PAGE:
A constructive and healthy workplace environment is vital to a functioning and ultimately profitable workplace. Thus, employers and employees should know their respective obligations as founded in law, contract and/or policy. The objective should always be for parties to keep each other accountable for fulfilling their rights and obligations.

Whistleblowing (especially in larger organisations) is a critical component of corporate transparency and accountability. It empowers employees to report misconduct within their organisations, ultimately contributing to a fair and just working environment. In smaller organisations, ideally, employers would seek to avoid whistle-blowing by maintaining effective internal structures to allow for continuous improvement and open dialogue. In addition, they follow fair internal processes (including grievance proceedings) where workplace issues are expressed to them.

Labour Relations Act 66 1995 (“LRA” ):

Harassment and other workplace irregularities are often the subject matter of whistleblowing; harassment of an employee is a form of unfair discrimination. The most common form of harassment reported is sexual harassment, but harassment may also occur on any of the grounds listed below.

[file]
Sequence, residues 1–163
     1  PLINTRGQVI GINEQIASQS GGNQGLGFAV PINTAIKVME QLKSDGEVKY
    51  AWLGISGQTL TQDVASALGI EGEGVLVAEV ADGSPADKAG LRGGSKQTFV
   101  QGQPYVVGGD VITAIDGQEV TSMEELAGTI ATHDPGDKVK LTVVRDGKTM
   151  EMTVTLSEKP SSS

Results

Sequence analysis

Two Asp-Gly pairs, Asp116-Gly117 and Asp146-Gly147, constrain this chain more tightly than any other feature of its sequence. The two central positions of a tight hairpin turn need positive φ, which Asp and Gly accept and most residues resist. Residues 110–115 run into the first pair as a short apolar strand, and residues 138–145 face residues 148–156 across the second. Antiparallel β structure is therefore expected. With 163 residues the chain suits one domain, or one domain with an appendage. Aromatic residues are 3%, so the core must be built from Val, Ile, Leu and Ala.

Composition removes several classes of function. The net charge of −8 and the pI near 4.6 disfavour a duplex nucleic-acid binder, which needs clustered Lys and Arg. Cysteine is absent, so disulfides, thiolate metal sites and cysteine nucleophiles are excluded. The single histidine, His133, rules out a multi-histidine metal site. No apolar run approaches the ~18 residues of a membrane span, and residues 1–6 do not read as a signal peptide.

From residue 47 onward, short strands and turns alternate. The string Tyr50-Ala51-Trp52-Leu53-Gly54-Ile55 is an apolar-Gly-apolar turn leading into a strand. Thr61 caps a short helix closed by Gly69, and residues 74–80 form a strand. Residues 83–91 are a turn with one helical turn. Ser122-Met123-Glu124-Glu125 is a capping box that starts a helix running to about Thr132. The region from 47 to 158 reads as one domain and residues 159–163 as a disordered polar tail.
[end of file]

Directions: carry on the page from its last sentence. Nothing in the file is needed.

In summary, unfair discrimination occurs when an employer shows favour, prejudice or bias for or against a person on a prohibited ground, including a person’s race, gender, sex, pregnancy, marital status, family responsibility, ethnic or social origin, colour, sexual orientation, age, disability, religion, HIV status, conscience, belief, political opinion, culture, language or birth, or on any other arbitrary ground.

It is, therefore, vital for employers to align practices and policies in order to avoid whistleblowing, which ultimately (and in many instances) refers the matter to an external third party. Effective internal measures to prevent external involvement can go a long way if implemented correctly.

Moreover, the LRA protects employees from unfair labour practices, including dismissal for whistleblowing. The LRA often intersects with the Protected Disclosures Act 26 of 2000, ensuring that whistleblowers’ rights are upheld within the broader context of labour relations.

One of the primary labour issues related to whistleblowing is the threat of occupational detriment. Whistleblowers may face various forms of retaliation, such as dismissal, harassment, or demotion, as a consequence of their disclosures. The Protected Disclosures Act 26 of 2000 and LRA are crucial in safeguarding whistleblowers from these unfair labour practices.

A key challenge is the prevailing corporate culture that often discourages whistleblowing. Many employees fear the repercussions of speaking out against wrongdoing, especially if it implicates their superiors or colleagues.

Protected Disclosures Act 26 of 2000 (“PDA”)

The primary legislative framework that governs whistleblowing in South Africa is the PDA. The PDA is designed to protect whistleblowers from any form of occupational detriment that they might face as a result of their disclosures.

Key provisions: